What is agile project management, and what are its origins? And don't agile methods address the challenges of 21st century systems, like high-risk, time-sensitive, R&D-oriented, new product and service development projects? One expert takes a look back at the history of this rapidly growing method.
In the future, how will agile methods be remembered by the project management community? It seems history has a way of distorting the facts and simplifying concepts out of context. Given how history has mangled most other project management concepts, the prognosis for agile isn't positive.
What is the true cost of too much multitasking? Is there even a cost? Or is the ability to multitask just plain expected as you advance through the software development career path? Learn what steps to take so that you and your team can become more effective at focusing on getting to "done”.
As a reaction to process-heavy waterfall practices causing excessive delays and major budget overruns, the lightweight practices espoused by agile was a welcome relief. But if agile is such a great solution, why are there failures?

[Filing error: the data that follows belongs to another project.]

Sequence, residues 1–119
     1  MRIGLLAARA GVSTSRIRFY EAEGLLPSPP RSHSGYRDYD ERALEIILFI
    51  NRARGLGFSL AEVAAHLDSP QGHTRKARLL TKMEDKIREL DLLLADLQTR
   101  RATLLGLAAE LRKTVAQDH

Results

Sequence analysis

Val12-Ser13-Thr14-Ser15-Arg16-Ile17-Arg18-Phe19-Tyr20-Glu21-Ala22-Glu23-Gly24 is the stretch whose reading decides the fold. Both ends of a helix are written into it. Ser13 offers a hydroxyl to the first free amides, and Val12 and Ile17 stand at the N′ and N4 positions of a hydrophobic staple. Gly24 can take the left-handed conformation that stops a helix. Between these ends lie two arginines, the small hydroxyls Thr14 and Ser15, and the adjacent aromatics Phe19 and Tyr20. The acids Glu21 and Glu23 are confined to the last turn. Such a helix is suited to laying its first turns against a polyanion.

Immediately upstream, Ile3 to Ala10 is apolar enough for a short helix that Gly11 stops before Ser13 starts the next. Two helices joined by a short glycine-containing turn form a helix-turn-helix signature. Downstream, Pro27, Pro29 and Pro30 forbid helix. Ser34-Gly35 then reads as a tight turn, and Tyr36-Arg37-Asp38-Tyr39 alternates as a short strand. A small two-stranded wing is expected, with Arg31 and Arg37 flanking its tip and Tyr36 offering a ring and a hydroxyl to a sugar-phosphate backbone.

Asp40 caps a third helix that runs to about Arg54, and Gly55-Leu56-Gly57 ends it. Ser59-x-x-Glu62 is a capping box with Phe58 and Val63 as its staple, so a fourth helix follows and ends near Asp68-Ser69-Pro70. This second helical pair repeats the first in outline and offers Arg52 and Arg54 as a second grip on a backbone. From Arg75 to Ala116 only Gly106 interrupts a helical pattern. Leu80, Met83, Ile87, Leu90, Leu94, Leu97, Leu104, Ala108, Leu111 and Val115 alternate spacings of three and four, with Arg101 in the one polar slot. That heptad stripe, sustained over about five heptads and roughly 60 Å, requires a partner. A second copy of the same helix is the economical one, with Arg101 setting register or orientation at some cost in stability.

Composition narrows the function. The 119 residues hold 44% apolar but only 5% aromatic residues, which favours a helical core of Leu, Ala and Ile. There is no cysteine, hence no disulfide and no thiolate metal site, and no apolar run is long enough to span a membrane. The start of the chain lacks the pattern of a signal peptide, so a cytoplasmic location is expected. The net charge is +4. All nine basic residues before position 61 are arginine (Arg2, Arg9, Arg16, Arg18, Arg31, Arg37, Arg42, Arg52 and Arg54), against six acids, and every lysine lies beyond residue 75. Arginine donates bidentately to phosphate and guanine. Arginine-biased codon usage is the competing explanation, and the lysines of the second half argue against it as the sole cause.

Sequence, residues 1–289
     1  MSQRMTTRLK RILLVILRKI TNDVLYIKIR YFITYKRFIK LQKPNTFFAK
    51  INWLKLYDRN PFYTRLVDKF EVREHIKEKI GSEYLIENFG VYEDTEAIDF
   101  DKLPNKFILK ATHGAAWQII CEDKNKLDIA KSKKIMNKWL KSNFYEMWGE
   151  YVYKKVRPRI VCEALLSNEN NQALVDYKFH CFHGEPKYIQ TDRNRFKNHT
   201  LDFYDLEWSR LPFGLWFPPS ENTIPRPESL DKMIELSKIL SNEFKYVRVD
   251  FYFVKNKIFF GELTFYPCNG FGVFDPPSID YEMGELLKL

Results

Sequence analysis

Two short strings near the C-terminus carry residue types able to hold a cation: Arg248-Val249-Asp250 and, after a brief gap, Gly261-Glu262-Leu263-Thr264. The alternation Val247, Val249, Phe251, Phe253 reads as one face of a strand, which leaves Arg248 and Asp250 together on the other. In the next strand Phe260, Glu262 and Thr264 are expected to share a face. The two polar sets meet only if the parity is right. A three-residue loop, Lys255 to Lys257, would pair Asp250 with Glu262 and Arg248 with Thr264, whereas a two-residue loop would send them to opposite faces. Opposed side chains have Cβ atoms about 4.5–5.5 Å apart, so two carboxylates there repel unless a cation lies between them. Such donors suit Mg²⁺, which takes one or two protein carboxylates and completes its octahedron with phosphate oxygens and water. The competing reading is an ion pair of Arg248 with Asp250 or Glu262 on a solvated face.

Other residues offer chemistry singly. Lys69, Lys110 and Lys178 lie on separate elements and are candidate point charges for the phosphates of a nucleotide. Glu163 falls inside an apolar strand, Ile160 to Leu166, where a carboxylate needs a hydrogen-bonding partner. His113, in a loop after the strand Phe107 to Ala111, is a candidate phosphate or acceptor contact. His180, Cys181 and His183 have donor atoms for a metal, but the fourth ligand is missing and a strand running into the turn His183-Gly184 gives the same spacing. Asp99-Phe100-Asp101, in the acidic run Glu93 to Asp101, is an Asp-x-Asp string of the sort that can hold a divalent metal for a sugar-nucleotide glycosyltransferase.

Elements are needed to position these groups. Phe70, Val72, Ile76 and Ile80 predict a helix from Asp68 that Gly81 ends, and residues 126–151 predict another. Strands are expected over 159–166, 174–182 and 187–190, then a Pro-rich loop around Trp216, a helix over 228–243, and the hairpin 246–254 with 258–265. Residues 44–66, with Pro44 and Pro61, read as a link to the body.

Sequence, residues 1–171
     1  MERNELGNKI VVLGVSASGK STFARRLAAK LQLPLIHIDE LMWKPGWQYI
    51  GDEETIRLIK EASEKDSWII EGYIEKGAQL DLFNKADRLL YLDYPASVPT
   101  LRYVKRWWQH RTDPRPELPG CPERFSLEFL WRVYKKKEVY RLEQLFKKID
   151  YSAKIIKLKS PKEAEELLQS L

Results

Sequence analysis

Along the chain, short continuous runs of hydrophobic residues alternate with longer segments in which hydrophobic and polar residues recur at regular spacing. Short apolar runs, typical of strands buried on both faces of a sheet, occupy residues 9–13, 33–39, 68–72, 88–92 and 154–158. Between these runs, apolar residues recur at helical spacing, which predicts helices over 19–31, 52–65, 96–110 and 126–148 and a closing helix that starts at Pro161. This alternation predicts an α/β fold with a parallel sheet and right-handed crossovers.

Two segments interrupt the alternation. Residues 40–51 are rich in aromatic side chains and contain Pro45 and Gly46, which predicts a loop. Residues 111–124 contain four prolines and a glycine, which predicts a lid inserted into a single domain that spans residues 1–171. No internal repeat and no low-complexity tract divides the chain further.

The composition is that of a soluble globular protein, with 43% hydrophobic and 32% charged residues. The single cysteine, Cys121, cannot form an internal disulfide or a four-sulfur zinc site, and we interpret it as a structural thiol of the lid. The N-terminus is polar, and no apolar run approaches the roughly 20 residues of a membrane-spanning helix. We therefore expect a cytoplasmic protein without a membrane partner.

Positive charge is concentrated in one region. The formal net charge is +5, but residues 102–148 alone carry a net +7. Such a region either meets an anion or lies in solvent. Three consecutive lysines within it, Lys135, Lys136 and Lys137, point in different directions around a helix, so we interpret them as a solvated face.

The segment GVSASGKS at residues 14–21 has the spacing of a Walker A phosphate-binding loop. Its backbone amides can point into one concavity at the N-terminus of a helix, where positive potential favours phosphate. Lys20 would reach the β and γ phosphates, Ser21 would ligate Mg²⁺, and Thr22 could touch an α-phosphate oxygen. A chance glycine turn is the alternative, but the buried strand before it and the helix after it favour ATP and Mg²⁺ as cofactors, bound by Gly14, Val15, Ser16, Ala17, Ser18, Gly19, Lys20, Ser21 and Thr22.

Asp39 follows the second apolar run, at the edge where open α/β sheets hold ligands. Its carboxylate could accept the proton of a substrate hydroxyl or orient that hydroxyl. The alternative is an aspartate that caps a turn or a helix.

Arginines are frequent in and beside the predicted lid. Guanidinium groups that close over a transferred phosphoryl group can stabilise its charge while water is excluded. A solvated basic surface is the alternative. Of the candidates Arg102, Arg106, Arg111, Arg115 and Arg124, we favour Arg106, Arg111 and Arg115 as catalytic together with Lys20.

Standardization is the “copy and paste” method of process development. It’s as bad in spreading process through an organization as “copy and paste” is in code. Copying a working instance may be a good starting point, but it’s a bad destination. Creative work needs attentive thinking, even when deciding to not change the status quo.
In this third and final installment, we will look at how agile can be re-contextualized for the business environment at large to transform not only specific projects or processes in an industry, but also entire organizations within that industry to meet the growing demand for faster project turnaround while also achieving higher quality and business value.
Large-scale change of enterprise-level architecture and infrastructure presents a challenge, especially in today's networked world. Enter agile project management. In our concluding installment, we look at successful architecture and design from history, explore the challenges that come with the principles of evolutionary architecture and design--and identify a short list of evolutionary design principles.
Large-scale change of enterprise-level architecture and infrastructure presents a challenge, especially in today's networked world. Enter agile project management and the ideas of refactoring and continuous improvement, which involve creating innovative new solutions for each problem encountered.